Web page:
With the increasingly belligerent talk out of Iran, I’ve been thinking more and more about a possible conflict with them. So much, I think I better break my thoughts into two parts.
Iran, it seems, is hell-bent on acquiring nuclear weapons — and sees the possibility of a fight with the US as an acceptable admission price for joining the nuclear club. They are playing the “cheat and retreat” game that Saddam ran for a dozen years with the UN, while talking out of several sides of their mouth: they have no interest in nuclear WEAPONS, only nuclear POWER, but they have every RIGHT to develop them and we had just better TRUST them that they won’t develop them or they will unleash the fires of hell. It’s like the former Iraqi Information Minister hopped on a plane with Joe Isuzu, flew to Massachusetts, got married, and through the miracle of modern medicine had a child, who promptly became the spokesmen for the Islamic Republic.
The US has repeatedly and publicly stated that Will Not Happen. We’ve applied pressure in other ways, mostly quietly, but like the discovery of the planet Neptune, we can estimate where the US is acting by the reactions of others. (metaphor shamelessly stolen from last Friday’s episode of “Numb3rs.”)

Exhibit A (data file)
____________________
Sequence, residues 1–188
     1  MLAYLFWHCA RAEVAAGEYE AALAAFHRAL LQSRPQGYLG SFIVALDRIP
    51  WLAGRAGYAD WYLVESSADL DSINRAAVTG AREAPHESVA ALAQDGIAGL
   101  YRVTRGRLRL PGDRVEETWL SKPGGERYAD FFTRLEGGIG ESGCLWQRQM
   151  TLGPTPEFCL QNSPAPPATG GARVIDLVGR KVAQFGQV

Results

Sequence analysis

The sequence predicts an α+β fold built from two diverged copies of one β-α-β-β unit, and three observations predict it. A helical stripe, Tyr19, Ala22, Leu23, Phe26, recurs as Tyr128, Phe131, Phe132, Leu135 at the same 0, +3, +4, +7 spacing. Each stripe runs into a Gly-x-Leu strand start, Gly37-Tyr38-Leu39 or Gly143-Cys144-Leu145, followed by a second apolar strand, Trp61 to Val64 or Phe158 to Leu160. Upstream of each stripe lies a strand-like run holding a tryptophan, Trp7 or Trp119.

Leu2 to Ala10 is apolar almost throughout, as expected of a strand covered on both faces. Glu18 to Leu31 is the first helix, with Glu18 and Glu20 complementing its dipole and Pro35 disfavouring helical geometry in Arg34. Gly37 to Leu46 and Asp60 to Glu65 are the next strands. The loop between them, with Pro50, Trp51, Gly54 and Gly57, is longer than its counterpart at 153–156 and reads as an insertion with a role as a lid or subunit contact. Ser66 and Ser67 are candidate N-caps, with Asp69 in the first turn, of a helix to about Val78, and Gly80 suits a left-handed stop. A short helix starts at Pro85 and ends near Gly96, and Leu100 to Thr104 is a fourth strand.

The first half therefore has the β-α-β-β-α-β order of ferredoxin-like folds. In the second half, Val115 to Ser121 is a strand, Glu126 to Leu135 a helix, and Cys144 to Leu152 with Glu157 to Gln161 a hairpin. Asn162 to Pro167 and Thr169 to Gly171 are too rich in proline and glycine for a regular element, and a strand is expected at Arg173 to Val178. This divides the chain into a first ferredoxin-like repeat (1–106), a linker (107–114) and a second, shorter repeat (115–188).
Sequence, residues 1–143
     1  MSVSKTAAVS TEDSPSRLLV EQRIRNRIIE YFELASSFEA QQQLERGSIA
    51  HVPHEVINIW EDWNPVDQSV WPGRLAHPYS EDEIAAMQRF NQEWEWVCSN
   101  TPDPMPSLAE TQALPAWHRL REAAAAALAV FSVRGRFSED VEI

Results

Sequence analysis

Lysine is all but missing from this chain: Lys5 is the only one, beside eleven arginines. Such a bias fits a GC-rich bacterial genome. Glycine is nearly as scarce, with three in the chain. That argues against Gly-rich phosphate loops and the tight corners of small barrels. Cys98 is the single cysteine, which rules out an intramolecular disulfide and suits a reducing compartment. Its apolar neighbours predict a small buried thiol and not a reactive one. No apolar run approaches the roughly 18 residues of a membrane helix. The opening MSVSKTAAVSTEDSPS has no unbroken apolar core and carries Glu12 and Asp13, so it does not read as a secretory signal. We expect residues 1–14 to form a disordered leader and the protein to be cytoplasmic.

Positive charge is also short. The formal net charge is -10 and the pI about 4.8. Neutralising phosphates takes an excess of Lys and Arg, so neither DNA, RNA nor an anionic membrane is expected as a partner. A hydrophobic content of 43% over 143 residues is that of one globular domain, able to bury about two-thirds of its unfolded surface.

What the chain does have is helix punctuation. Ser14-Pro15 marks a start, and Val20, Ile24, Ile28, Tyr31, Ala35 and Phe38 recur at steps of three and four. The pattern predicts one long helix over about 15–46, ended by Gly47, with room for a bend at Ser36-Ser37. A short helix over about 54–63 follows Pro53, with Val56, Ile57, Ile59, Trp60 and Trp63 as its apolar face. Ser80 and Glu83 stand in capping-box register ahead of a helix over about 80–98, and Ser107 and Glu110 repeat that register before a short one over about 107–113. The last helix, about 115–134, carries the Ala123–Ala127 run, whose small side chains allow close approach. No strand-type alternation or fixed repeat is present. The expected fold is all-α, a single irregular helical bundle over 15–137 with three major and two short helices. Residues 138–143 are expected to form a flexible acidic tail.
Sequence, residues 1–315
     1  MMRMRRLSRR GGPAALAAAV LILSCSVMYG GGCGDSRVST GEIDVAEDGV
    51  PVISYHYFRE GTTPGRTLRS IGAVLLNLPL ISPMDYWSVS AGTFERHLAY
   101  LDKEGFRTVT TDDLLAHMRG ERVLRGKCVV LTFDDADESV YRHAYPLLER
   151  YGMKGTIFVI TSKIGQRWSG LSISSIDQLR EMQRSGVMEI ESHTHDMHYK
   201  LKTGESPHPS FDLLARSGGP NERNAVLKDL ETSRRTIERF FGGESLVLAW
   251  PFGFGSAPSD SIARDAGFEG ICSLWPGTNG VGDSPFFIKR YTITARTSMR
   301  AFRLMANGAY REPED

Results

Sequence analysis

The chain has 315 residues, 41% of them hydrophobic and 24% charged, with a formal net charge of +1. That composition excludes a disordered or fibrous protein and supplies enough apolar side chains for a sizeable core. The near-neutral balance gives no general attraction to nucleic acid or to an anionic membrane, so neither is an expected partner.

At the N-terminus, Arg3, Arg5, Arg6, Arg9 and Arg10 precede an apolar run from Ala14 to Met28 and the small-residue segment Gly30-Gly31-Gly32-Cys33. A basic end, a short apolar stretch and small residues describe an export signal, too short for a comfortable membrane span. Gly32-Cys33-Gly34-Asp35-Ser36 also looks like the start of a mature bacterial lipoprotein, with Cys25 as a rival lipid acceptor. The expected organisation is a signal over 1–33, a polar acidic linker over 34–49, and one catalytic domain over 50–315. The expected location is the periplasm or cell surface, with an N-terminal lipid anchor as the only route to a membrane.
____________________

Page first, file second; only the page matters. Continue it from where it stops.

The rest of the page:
Iran’s strategy for preventing the confrontation seems best summed up by what I once heard described as “the polecat principle: “we’re more trouble than we’re worth.” Their recent announcements of various and sundry fantastic superweapons are all aimed at giving the US pause (or, at least, the anti-war and anti-Bush elements, who tend to be ignorant about military matters, and more likely to take their claims at face value) in attacking. Hence the announcement that Iran now possesses The Ultra Mega Torpedo Of Death, which can “fly” through water at several hundred miles and sink any ship with one hit; the Mighty Morphin’ Stealth Flying Boat, which can sneak up on anyone and blow them to tiny pieces; and the Islamic ICBM, the missile which can carry one of their non-existent nuclear warheads thousands of miles and send a couple million heretics to face Allah’s judgment.
Perhaps a good metaphor for Iran might be the pufferfish; when they feel threatened, they blow themselves up to look bigger and scarier, but if’s all a huge bluff and a couple sharp pokes will shred their bluff. If they lose, though, they can at least console themselves in the hopes that their innate toxins will bring about a measure of revenge on their enemy.
Anyway, that’s just the pre-game show. That’s just the trash talk that goes on before the actual conflict begins. In the next part, I’ll look at how such a conflict might unfold.